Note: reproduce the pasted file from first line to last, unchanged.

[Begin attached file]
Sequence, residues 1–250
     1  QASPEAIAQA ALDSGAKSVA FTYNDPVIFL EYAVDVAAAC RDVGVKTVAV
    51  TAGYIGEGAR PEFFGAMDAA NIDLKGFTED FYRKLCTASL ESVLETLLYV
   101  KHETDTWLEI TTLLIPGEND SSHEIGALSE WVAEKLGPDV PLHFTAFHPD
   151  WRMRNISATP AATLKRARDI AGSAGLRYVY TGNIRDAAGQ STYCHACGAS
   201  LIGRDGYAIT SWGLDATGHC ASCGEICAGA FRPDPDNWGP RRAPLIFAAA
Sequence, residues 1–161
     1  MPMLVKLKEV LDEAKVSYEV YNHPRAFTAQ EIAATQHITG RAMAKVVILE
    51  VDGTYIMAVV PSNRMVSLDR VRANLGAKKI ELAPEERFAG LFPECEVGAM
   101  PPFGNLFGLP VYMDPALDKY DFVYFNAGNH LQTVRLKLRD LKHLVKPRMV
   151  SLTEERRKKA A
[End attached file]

Sequence, residues 1–250
     1  QASPEAIAQA ALDSGAKSVA FTYNDPVIFL EYAVDVAAAC RDVGVKTVAV
    51  TAGYIGEGAR PEFFGAMDAA NIDLKGFTED FYRKLCTASL ESVLETLLYV
   101  KHETDTWLEI TTLLIPGEND SSHEIGALSE WVAEKLGPDV PLHFTAFHPD
   151  WRMRNISATP AATLKRARDI AGSAGLRYVY TGNIRDAAGQ STYCHACGAS
   201  LIGRDGYAIT SWGLDATGHC ASCGEICAGA FRPDPDNWGP RRAPLIFAAA
Sequence, residues 1–161
     1  MPMLVKLKEV LDEAKVSYEV YNHPRAFTAQ EIAATQHITG RAMAKVVILE
    51  VDGTYIMAVV PSNRMVSLDR VRANLGAKKI ELAPEERFAG LFPECEVGAM
   101  PPFGNLFGLP VYMDPALDKY DFVYFNAGNH LQTVRLKLRD LKHLVKPRMV
   151  SLTEERRKKA A